With all due respect to Masada, admiration for King Herod’s palaces, love for the desert, and full appreciation for the brave fight against submission-turned-myth of Jewish heritage that took place there , when it’s 95 degrees in the shade one might suggest a few alternative places to sweat besides hiking up the snake path again.
- A Short Climb Up to Fortress Tzuba
- A Botanical Journey to the Center of the World
- Israel's Most Nerve-racking River Crossing
Like, for example, the Gordon Pool in Tel Aviv, a national treasure of a different, less UNESCO-world-heritage-site sort. It offers similar physical activities as well as opportunities to chat up members of the opposite – or same – sex while going easy on the mass-suicide-and-survival-of-our-people themes.
Named for the Gordon Beach nearby, the original pool was built in 1956 by Werner Joseph Wittkower, the same architect who built Tel Aviv University, the old Tel Aviv bus station and other city landmarks. One of the very first 50 meter pools in the country, Gordon’s distinction was - and remains - that it is re-filled daily with salt water drawn up by three pumps from a spring at a depth of about 120 meters, meaning the water, summer and winter alike, is always chilled, at about 24 degrees Celsius.
Over the years, the pool became something of a Tel Aviv institution, a gathering place for the bohemians and yuppies of Tel Aviv alike, along with anyone else willing to shell out the rather steep membership fees so as to do the backstroke in water that highly resembles the beach ten feet away.
The great and the good of the city would hang out there daily, rain or shine, playing backgammon, sipping coffee on the grass nearby, or arguing with Chaim the lifeguard about which lanes those wearing flippers should be allowed to go in. The pool was a particular magnet for older residents of Tel Aviv, who petitioned and got the management to open up for them at 4:30 am for pre-dawn swims, and then spent long morning hours afterwards talking politics naked in the dressing rooms.
By 2006, however, with the opening of more flashy country clubs around the city, the pool was in decline, and in desperate need of renovations. Soon, the municipality, which had purchased the spot from the original private owners announced it was going to demolish the pool to make way for the new boardwalk and bike path running from Bat Yam all the way North towards Herzliya.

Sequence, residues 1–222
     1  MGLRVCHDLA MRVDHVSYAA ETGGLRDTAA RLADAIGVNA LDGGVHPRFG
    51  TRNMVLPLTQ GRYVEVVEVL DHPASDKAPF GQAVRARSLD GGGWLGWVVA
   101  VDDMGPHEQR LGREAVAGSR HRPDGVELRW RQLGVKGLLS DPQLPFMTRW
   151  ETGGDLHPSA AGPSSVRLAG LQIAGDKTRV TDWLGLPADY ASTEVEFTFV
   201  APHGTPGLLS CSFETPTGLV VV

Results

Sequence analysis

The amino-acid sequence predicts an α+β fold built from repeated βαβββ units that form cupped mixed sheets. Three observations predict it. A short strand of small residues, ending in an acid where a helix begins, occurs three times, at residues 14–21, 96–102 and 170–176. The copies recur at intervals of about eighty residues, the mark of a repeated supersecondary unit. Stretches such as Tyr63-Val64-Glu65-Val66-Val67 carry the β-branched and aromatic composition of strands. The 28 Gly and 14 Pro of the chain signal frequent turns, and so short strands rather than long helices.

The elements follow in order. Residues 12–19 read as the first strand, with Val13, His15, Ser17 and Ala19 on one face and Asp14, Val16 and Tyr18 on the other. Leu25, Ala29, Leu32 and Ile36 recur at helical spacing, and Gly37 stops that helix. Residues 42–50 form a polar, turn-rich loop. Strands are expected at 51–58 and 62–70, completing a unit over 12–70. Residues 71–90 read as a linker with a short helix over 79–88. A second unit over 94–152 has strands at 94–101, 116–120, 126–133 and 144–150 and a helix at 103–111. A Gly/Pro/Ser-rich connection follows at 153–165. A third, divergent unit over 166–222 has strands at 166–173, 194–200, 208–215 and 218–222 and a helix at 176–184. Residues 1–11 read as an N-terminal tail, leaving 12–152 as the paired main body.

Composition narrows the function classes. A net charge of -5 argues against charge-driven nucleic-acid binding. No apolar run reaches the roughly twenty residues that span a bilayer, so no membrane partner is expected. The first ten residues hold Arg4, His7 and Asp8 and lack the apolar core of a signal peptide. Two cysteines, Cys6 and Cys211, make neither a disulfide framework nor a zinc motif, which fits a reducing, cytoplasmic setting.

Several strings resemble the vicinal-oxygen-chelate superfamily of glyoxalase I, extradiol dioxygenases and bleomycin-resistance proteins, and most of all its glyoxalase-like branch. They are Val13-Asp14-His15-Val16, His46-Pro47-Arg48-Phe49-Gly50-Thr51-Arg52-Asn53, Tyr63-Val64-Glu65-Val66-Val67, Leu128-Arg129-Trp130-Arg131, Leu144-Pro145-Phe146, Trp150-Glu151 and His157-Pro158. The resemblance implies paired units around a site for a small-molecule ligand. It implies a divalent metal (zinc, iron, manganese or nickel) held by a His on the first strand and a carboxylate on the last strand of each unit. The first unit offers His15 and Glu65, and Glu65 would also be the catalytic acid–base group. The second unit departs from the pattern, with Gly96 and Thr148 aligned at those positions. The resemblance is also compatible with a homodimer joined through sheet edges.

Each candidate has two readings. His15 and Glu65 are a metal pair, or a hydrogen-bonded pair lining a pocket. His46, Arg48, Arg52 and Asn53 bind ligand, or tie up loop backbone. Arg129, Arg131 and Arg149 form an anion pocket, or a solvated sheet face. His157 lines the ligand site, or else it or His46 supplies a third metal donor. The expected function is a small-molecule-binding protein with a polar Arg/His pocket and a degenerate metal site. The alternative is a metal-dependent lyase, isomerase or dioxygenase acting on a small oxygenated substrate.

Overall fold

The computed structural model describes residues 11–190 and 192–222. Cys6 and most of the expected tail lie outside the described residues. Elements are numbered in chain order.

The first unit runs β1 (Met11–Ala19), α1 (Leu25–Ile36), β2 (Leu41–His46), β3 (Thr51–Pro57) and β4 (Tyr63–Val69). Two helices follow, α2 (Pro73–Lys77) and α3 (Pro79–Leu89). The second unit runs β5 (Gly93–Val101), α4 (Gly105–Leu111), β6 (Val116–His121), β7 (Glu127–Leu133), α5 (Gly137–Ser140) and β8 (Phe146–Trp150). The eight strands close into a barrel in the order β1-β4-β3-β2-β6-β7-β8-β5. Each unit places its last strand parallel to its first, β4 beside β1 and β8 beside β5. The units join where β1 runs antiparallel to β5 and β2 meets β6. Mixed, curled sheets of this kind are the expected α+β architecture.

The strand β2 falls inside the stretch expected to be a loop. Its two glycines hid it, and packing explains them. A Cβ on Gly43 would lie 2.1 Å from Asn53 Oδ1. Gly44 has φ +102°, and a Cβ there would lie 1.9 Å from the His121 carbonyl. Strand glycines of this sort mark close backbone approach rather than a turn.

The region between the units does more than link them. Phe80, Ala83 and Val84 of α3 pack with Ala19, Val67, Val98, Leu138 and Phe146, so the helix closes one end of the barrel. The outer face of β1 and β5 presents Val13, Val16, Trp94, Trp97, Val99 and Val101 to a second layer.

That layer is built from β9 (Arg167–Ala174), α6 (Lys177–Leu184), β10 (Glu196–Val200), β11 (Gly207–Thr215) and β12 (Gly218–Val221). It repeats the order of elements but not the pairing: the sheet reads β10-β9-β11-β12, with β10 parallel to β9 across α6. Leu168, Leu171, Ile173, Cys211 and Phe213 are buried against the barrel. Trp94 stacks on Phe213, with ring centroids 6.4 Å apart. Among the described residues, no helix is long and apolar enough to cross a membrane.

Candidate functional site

This news precipitated the kind of well organized community protest that the peace movement can only envy, with local celebrities coming out of the woodwork to hoist the campaign protest banners. Songwriter Yoni Rechter wrote up pamphlets, rocker Riki Gal demonstrated, and comedian Keren Mor personally petitioned the city planners.
The high level public pressure and persistence worked – and the city caved, deciding, at a cost of 30 million NIS, to raze, and then re-build Gordon and turn it into a municipal pool, owned and operated by the city. New architects then came in and shortened the length of three of the seven lanes to 40 meters, so as to make room for the boardwalk – a move some old timers still consider something of a minor national tragedy—added in two more pools, a 200 square foot children’s pool and a smaller kiddie pool, and built a wood platform around the perimeter.
The new Gordon pool, together with the new-shower and dressing room re-opened to great fanfare in 2009, and a year later, so did the adjoining new state-of-the-art Gordon gym, although entry fees to the gym and its spa are separate (but equally expensive). Today, a whole new slew of old timers, along with all new celebs and tourists, are back, doing the freestyle, sipping cappuccinos made by the new on-site barista, and arguing with Chaim about the flipper lanes.
The Gordon Pool. Perry Eliezer 14. Phone number: (03)762-3300.
Unlimited Parking in the nearby Kikar Atarim lot (under the Marina Hotel) 27 NIS. Or, if walking, walk down Gordon or Ben Gurion Street towards the beach. The pool is situated on the promenade underneath the Carlton Hotel.
Summer Hours: Sunday 6:30am-10pm, Monday-Thursday 6am-9:30pm, Friday 6am-7pm.
Tickets: 64 NIS on weekends and 74 NIS on Saturdays, with reductions for soldiers, students, children and seniors. It is also possible to buy 10 entry-cards at a reduced price, as well as better value six month and one year memberships.